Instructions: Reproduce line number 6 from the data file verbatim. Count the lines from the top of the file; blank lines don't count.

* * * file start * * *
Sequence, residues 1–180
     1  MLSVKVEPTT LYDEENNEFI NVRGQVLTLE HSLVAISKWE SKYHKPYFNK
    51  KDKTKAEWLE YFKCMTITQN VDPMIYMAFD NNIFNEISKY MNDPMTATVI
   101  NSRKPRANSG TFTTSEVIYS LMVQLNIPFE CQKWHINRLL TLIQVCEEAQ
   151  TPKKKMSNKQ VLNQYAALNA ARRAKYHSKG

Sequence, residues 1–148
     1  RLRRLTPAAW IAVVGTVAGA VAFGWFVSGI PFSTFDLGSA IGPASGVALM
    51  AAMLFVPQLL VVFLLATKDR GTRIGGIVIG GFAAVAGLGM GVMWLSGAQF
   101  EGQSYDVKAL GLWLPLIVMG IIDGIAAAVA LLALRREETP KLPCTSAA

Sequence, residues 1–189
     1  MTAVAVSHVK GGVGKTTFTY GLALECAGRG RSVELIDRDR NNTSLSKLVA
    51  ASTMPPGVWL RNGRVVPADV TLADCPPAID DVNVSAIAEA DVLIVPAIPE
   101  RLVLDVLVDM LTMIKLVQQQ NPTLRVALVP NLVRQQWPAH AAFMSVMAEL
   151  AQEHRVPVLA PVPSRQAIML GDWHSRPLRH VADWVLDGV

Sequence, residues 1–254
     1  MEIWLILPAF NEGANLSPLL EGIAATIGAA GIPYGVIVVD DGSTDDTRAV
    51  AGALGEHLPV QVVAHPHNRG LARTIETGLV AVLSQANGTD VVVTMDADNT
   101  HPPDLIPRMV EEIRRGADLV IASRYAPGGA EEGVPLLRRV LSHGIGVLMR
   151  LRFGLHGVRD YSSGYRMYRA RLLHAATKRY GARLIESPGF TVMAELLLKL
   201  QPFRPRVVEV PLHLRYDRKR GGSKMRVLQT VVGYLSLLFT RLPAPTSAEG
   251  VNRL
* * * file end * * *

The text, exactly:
Sequence, residues 1–148